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Lupu M., Kuhr C. S., Tapscott S., Storb R. Hematopoietic stem cells do not reconstitute satellite cells nor myofibers in hematopoietic canine chimeras with X-linked muscular dystrophy - Invited paper - Oral presentation. In Modiano J. F. (ed.), Genes, Dogs and Cancer: Fourth Annual Canine Cancer Conference, Sept. 14-17, Chicago, IL, USA. International Veterinary Information Service, Ithaca NY (www. ivis. org), Last updated: 17-Sep-2006; P4043. 0906, 2006.

Abstract: Canine X-linked muscular dystrophy (c-xmd) is the homologue of human Duchenne muscular dystrophy (DMD), a degenerative disorder that affects 1 in 3,500 boys born worldwide. The disease is caused by mutations in the gene encoding dystrophin, an essential component of the striated muscle cytoskeletal protein complex, leading to progressive skeletal and cardiac muscle damage and early death.

Studies in mice have suggested that hematopoietic stem cells participated in skeletal muscle fiber regeneration, following intravenous and/or intramuscular delivery. We had shown that hematopoietic cell transplantation (HCT) from unaffected donors into dog leukocyte antigen-identical DMD littermates did not result in regeneration of muscle cells or muscle precursor cells. Here we sought to investigate whether unmodified bone marrow cells from HCT donors, injected intramuscularly into DMD recipients, which were hematopoietic chimeras, could transdifferentiate into dystrophin expressing myocytes or satellite cells. More than 15 weeks after intramuscular marrow injection, immunofluorescence and reverse-transcriptase-PCR analyses showed that donor cells did not contribute to dystrophin protein and dystrophin mRNA expression, respectively. Furthermore, segregation analyses of microsatellite polymorphisms using DNA extracted from cloned satellite cells indicated that there were no detectable donor contributions to the recipientsí satellite cell populations.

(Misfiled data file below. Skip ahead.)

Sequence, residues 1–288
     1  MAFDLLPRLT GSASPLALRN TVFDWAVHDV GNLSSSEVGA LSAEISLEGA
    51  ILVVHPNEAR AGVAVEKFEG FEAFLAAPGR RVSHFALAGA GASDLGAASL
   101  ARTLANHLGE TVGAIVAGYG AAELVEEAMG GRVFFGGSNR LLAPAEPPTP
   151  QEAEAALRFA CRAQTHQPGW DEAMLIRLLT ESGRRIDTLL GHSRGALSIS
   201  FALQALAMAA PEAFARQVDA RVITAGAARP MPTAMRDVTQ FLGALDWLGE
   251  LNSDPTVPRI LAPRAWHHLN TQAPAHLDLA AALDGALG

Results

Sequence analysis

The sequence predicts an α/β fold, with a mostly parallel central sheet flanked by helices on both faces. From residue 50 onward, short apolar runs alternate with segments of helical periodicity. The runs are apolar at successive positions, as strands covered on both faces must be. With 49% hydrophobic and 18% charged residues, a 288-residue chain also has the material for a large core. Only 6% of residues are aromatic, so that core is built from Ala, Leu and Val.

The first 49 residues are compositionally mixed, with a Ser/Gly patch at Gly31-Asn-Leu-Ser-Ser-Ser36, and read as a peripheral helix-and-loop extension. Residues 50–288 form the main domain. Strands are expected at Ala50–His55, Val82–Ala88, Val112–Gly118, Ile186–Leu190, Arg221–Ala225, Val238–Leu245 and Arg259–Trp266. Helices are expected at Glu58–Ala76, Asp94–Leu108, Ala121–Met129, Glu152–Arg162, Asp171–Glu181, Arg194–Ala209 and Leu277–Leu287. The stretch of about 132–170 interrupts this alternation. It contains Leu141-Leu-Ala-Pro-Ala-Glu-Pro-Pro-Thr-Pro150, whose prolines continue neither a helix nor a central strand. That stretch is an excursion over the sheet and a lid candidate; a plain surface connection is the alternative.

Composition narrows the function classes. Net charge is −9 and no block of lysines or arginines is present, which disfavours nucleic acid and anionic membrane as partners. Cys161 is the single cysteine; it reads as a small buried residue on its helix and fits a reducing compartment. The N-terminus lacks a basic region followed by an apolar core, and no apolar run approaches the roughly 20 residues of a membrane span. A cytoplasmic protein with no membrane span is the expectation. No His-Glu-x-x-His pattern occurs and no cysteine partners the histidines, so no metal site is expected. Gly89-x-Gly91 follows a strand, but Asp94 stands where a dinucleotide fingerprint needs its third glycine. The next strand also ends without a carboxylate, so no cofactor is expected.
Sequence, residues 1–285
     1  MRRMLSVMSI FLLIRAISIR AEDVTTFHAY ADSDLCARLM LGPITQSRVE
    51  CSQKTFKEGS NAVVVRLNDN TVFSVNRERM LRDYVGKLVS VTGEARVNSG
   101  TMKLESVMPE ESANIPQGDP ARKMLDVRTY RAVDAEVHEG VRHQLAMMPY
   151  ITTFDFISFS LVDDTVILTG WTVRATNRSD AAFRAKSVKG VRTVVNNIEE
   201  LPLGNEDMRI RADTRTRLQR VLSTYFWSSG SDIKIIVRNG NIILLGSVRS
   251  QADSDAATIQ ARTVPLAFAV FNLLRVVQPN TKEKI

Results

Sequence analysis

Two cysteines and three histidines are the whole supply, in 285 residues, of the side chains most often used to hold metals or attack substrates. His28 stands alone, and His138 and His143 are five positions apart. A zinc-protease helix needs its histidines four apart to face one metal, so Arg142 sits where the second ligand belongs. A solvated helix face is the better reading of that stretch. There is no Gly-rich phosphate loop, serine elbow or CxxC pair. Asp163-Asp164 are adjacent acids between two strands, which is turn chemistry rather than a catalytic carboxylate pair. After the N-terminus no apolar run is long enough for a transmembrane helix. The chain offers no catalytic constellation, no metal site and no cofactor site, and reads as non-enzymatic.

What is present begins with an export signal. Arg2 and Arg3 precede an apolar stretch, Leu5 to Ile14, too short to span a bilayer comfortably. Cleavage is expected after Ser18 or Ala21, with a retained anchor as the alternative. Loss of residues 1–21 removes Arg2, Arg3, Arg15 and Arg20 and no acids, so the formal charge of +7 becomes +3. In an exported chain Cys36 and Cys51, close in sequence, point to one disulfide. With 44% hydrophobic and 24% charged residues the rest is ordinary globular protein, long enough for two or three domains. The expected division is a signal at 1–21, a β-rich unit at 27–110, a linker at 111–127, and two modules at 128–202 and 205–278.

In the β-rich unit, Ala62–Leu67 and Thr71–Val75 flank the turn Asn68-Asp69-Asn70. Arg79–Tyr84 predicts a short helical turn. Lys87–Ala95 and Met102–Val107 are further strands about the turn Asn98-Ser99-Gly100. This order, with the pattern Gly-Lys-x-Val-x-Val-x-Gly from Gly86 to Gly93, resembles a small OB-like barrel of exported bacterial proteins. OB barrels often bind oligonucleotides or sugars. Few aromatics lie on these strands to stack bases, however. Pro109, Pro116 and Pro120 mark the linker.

Given the close similarity between c-xmd and human DMD, these results provided evidence that therapeutic strategies that relied on hematopoietic stem cell transdifferentiation to regenerate skeletal muscle would likely fail in human DMD patients. However, hematopoietic stem cell based therapies might be used in the future to deliver cloned genes for the treatment of genetic diseases and cancer.

Keywords: Duchenne muscular dystrophy, hematopoietic cell transplantation, bone marrow, hematopoietic stem cell plasticity, cell therapy, muscle regeneration, preclinical canine model, translational research

Posted by Marilena Plesu (Lupu)


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